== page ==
I am looking for an Integrable function $f : [0,1] \to \mathbb{R}$ which is not essentially bounded on any subinterval of $[0,1]$.

Thank you in advance.

  • $\begingroup$ That does not work: Your $f$ is zero almost everywhere, so it is essentially bounded. $\endgroup$ – user61527 Dec 29 '13 at 2:32
  • $\begingroup$ Which kind of integral? $\endgroup$ – hmakholm left over Monica Dec 29 '13 at 2:35
  • $\begingroup$ @T.Bongers Bad Overlook !!! You are right... So that "cannot" happen !! I deleted mine. $\endgroup$ – the8thone Dec 29 '13 at 2:38
  • $\begingroup$ @HenningMakholm Lebesgue Integral $\endgroup$ – the8thone Dec 29 '13 at 2:39
  • $\begingroup$ @T.Bongers It seems impossible to find an example, being unbounded on a set of strictly positive measure (within any subinterval), and at the same time being integrable !!! but seemingly there is such a function $\endgroup$ – the8thone Dec 29 '13 at 2:47

Let $$ g(x) = \begin{cases} -\log x & x\in(0,1] \\ 0 & x \notin (0,1] \end{cases}$$ Then $\int g = 1$, and $g$ is not essentially bounded.

Let $q_1, q_2, q_3, \ldots$ be an enumeration of the rationals in $(0,1)$, and consider $$ f(x) = \sup_{n\in\mathbb N} g(2^n(x-q_n)) $$

Then $f(x)$ is nowhere essentially bounded, yet it must be integrable with integral at most $\sum_{n=1}^\infty 2^{-n} = 1$.

(It is imaginable that the supremum in the definition of $f$ doesn't exist at some points $x$, but that has to be a measure zero set, so just declare $f(x)$ to be $0$ there).

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  • $\begingroup$ Thanks ! it should be $\sup g(2^n|x-q_n|)$ , right ? $\endgroup$ – the8thone Dec 29 '13 at 2:52
  • $\begingroup$ It seems to me by multiplying $|x-q_n|$ by $2^n$, you are pushing that number outside of the support of $g(x)$. How about multiplying by $2^{-n}$? What am I missing here ... $\endgroup$ – the8thone Dec 29 '13 at 3:02
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    $\begingroup$ @Roozbeh-unity (first comment): Doesn't matter. Even with $g(2^n(x-q_n))$, $f$ will have an interval of large values to the right of any rational. So to prove that $f$ is not essentially bounded in $(a,b)$ just choose some rational in the interior of the interval, and there will be sufficiently many high values to the right of it. $\endgroup$ – hmakholm left over Monica Dec 29 '13 at 3:03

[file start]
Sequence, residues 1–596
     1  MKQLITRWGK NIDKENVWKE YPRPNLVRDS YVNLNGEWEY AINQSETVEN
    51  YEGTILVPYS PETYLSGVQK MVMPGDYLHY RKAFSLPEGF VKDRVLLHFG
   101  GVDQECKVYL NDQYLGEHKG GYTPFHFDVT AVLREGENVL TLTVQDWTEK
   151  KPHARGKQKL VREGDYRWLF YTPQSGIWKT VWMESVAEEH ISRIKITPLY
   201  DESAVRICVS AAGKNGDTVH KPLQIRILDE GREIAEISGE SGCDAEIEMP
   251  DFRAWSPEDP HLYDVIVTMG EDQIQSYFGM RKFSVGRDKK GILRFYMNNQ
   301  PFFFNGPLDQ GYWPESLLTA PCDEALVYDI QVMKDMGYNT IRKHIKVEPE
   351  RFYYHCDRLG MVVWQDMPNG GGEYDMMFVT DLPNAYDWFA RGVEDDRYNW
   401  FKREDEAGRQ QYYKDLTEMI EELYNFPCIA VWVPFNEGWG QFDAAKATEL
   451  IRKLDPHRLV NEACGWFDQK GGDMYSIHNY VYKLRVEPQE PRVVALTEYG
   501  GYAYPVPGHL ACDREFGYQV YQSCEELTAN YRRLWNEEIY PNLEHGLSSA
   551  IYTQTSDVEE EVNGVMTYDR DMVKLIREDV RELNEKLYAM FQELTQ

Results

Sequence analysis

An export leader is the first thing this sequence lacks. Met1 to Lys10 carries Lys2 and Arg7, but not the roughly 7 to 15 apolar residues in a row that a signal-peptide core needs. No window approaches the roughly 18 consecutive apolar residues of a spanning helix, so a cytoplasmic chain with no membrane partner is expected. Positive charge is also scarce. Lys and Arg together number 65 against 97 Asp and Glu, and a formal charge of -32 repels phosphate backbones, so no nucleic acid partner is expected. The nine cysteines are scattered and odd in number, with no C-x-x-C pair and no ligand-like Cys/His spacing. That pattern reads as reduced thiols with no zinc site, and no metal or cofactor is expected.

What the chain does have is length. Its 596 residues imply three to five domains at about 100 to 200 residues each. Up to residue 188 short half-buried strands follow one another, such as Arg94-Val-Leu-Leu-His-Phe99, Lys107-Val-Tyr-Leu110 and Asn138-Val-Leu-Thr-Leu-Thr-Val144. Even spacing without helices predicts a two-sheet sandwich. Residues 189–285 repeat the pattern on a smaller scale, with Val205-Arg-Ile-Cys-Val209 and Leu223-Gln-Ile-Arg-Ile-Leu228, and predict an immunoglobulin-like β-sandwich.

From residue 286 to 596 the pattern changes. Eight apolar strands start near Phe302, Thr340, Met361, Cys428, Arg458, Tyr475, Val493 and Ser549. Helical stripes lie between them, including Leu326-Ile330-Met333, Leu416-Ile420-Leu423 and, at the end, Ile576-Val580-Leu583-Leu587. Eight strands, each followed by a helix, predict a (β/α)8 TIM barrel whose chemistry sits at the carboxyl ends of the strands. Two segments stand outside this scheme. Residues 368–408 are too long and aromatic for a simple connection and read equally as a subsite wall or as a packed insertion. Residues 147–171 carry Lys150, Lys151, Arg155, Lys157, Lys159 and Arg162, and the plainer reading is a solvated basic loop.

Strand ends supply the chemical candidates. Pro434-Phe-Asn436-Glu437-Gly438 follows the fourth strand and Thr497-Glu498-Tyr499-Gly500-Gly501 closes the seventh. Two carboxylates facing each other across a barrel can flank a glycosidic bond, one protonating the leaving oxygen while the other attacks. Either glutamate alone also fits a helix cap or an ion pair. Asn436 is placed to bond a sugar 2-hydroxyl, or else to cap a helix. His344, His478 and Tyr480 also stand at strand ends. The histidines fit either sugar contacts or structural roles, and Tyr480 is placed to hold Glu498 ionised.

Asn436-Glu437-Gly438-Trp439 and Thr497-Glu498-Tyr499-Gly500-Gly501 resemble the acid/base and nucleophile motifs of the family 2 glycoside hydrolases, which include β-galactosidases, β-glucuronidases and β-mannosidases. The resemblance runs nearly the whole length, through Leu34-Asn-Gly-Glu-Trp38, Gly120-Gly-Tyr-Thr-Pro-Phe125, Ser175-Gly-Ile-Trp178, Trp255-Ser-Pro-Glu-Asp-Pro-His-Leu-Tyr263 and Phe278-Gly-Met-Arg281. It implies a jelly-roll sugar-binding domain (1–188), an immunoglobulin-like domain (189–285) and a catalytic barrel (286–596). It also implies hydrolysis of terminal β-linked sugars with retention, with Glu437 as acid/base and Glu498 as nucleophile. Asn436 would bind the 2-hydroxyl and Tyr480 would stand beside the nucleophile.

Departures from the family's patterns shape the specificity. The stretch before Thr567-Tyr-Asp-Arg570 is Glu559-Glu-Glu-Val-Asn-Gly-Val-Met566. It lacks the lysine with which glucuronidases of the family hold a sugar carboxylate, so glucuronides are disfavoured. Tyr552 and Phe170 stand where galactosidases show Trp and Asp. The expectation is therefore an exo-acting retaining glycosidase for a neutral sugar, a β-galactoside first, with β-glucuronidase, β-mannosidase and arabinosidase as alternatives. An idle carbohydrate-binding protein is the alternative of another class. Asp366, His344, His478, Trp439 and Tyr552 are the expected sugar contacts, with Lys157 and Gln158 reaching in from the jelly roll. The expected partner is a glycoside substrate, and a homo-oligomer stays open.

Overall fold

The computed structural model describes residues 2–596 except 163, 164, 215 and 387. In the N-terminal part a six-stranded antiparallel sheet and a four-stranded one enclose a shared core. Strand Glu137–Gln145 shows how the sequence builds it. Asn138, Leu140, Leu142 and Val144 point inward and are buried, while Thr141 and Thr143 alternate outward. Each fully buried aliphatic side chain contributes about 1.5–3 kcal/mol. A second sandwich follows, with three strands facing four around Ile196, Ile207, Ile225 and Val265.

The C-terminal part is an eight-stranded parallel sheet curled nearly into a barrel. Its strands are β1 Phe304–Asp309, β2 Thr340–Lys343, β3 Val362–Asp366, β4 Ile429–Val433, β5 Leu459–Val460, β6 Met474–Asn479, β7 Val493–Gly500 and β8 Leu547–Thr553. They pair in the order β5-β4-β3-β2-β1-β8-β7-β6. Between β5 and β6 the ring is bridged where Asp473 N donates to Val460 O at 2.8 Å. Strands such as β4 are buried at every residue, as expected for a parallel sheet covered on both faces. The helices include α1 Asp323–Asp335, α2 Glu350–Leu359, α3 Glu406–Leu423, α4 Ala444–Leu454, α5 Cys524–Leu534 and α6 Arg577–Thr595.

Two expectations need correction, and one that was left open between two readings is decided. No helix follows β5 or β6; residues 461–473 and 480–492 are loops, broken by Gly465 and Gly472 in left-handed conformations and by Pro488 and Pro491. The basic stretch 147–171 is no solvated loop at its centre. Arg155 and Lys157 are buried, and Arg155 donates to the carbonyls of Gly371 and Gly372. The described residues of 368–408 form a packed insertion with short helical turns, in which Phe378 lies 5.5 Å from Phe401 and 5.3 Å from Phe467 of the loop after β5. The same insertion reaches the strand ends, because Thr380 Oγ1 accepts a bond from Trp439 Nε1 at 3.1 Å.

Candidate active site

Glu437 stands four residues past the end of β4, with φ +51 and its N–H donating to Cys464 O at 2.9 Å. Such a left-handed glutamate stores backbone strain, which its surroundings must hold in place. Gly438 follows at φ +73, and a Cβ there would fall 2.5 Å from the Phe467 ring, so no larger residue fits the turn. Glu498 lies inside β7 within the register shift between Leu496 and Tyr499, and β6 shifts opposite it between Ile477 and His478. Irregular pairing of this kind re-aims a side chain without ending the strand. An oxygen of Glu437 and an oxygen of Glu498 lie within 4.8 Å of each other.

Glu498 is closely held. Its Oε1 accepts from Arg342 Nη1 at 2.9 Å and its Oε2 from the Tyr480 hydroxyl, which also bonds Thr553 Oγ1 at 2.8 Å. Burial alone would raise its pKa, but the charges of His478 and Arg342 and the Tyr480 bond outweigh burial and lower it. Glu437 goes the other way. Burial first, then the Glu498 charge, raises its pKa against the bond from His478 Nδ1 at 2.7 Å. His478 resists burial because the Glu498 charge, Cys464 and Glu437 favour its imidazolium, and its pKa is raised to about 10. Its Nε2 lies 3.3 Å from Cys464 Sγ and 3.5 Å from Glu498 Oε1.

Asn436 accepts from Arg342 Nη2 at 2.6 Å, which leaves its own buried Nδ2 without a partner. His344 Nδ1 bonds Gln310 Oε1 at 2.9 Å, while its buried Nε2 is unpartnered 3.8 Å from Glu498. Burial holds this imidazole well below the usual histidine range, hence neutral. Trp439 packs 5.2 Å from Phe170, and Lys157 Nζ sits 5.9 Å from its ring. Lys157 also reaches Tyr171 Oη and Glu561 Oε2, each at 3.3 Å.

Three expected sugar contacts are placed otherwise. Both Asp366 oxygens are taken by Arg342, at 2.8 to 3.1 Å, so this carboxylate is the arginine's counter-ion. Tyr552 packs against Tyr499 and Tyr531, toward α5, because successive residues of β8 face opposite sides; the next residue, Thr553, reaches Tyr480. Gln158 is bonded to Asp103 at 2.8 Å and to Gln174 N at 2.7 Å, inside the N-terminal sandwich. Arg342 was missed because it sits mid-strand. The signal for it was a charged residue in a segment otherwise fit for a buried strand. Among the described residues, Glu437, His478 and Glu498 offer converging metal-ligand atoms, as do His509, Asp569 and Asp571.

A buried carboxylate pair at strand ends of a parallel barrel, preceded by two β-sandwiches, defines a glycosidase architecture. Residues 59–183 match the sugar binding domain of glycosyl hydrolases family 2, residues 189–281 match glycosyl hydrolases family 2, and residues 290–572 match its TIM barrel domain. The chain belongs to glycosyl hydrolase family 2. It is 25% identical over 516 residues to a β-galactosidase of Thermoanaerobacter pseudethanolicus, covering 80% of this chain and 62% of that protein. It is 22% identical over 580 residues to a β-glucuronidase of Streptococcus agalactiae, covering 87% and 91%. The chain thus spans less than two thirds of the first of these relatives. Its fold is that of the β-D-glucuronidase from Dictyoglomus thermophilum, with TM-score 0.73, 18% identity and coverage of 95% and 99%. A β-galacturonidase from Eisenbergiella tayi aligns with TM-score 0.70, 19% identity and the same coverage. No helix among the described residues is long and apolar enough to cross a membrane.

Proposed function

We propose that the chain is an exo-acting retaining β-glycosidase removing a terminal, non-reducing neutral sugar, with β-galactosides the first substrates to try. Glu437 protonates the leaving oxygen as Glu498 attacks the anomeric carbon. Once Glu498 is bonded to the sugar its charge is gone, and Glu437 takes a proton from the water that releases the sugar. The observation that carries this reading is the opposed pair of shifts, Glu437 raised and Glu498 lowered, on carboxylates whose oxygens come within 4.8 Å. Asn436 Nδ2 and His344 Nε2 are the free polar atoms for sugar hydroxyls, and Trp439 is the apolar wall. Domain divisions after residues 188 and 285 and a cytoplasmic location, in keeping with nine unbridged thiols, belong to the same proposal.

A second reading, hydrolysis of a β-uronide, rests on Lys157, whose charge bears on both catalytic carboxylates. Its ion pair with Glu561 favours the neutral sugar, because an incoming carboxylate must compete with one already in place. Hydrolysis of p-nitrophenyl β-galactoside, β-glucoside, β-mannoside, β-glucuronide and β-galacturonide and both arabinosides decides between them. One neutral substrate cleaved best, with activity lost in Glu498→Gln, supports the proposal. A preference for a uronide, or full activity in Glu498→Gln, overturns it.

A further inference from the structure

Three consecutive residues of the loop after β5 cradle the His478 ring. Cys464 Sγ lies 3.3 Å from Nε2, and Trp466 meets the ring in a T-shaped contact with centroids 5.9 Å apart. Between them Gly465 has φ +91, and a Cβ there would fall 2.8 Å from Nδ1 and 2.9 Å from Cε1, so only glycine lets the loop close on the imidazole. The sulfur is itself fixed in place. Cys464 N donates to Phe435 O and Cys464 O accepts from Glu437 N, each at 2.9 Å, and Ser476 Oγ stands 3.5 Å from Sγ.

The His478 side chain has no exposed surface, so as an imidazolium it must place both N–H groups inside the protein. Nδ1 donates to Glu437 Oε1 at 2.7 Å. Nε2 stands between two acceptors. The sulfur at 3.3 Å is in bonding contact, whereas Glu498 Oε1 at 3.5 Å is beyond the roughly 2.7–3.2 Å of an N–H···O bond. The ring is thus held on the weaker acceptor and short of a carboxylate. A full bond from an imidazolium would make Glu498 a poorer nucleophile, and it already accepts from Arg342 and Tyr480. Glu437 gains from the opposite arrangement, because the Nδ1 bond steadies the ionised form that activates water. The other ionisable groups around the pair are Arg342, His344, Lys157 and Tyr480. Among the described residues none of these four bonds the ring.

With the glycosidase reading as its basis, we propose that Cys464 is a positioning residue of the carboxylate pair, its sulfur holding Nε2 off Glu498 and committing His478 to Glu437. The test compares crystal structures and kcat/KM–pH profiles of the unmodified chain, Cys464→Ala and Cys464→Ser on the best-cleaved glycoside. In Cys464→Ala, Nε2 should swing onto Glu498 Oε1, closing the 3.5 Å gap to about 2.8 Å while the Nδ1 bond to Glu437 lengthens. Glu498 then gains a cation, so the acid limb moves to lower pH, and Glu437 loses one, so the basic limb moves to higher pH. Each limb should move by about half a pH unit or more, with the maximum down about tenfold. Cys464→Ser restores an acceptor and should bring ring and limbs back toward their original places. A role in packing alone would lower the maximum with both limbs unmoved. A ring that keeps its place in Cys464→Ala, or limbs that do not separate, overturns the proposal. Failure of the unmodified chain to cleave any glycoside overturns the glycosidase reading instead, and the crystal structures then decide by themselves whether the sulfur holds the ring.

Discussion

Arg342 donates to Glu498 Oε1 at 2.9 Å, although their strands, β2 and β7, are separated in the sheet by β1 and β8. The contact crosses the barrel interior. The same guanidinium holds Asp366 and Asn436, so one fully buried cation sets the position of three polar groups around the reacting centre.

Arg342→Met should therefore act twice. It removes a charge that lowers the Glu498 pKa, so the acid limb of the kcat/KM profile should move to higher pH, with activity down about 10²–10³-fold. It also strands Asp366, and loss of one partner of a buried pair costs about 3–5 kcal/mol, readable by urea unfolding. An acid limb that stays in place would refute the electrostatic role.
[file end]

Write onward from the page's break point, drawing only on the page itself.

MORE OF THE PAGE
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    $\begingroup$ @Roozbeh-unity: Multiplying by $2^n$ makes the peak narrower, which is essential for the total width (and area) of the peaks to have a finite sum. Otherwise $f$ wouldn't be integrable. The final $f$ consists of a lot of very narrow peaks -- for every $C$, $\{x\mid f(x)>C\}$ is dense in $(0,1)$, but has measure between $\frac12 e^{-C}$ and $e^{-C}$. $\endgroup$ – hmakholm left over Monica Dec 29 '13 at 3:07
  • $\begingroup$ Thank you so much ! although I have to think more to get it completely $\endgroup$ – the8thone Dec 29 '13 at 3:12

I will give a second solution. The key idea is Borel-Cantelli Lemma.

Let $\{q_n\}$ be the enumeration of rational numbers, and we work with $$I_n = [q_n, q_n+1/4^n).$$ Since $\sum_n |I_n| <\infty$, from Borel-Cantelli lemma, for almost every $x\in \mathbb{R}$, $x$ is only in finitely many $I_n$. Now define $$g(x) = \sup \{2^n : x\in I_n\},$$ this sup is taken from a finite index set for a.e. $x$, thus $g < \infty$ a.e.

To show $g$ is not essentially bounded, for each non empty open interval $(a,b)$, there is an infinite set $A\subset \mathbb{N}$ such that for $n\in A$ we have $I_n \subset (a,b)$. For each $M \in \mathbb{R}$, we can find $n^*\in A$ (because $A$ is infinite) such that $2^{n^*} \geq M$ this implies $g\geq 2^{n^*}\geq M$ on the set $I_{n^*} \subset (a,b)$.

To show $g$ is integrable, observe that $$\int_\mathbb{R} g \leq \sum_{n=1}^\infty 2^n |I_n| =1.$$

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